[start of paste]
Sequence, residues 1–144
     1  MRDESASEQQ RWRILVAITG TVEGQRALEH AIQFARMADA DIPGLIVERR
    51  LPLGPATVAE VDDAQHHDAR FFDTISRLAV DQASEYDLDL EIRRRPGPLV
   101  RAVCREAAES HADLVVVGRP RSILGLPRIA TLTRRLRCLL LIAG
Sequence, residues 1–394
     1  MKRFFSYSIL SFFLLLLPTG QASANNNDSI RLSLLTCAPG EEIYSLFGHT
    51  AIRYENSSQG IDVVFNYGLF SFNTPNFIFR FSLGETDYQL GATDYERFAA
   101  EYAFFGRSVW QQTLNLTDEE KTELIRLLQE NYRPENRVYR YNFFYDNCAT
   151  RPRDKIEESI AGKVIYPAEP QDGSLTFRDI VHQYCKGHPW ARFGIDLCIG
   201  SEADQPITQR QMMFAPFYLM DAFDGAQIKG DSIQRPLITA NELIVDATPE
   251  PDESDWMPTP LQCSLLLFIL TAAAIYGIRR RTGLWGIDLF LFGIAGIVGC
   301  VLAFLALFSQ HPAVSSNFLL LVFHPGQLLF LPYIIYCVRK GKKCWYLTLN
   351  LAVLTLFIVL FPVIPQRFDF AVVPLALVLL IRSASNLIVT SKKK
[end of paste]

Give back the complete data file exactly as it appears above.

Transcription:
Sequence, residues 1–144
     1  MRDESASEQQ RWRILVAITG TVEGQRALEH AIQFARMADA DIPGLIVERR
    51  LPLGPATVAE VDDAQHHDAR FFDTISRLAV DQASEYDLDL EIRRRPGPLV
   101  RAVCREAAES HADLVVVGRP RSILGLPRIA TLTRRLRCLL LIAG
Sequence, residues 1–394
     1  MKRFFSYSIL SFFLLLLPTG QASANNNDSI RLSLLTCAPG EEIYSLFGHT
    51  AIRYENSSQG IDVVFNYGLF SFNTPNFIFR FSLGETDYQL GATDYERFAA
   101  EYAFFGRSVW QQTLNLTDEE KTELIRLLQE NYRPENRVYR YNFFYDNCAT
   151  RPRDKIEESI AGKVIYPAEP QDGSLTFRDI VHQYCKGHPW ARFGIDLCIG
   201  SEADQPITQR QMMFAPFYLM DAFDGAQIKG DSIQRPLITA NELIVDATPE
   251  PDESDWMPTP LQCSLLLFIL TAAAIYGIRR RTGLWGIDLF LFGIAGIVGC
   301  VLAFLALFSQ HPAVSSNFLL LVFHPGQLLF LPYIIYCVRK GKKCWYLTLN
   351  LAVLTLFIVL FPVIPQRFDF AVVPLALVLL IRSASNLIVT SKKK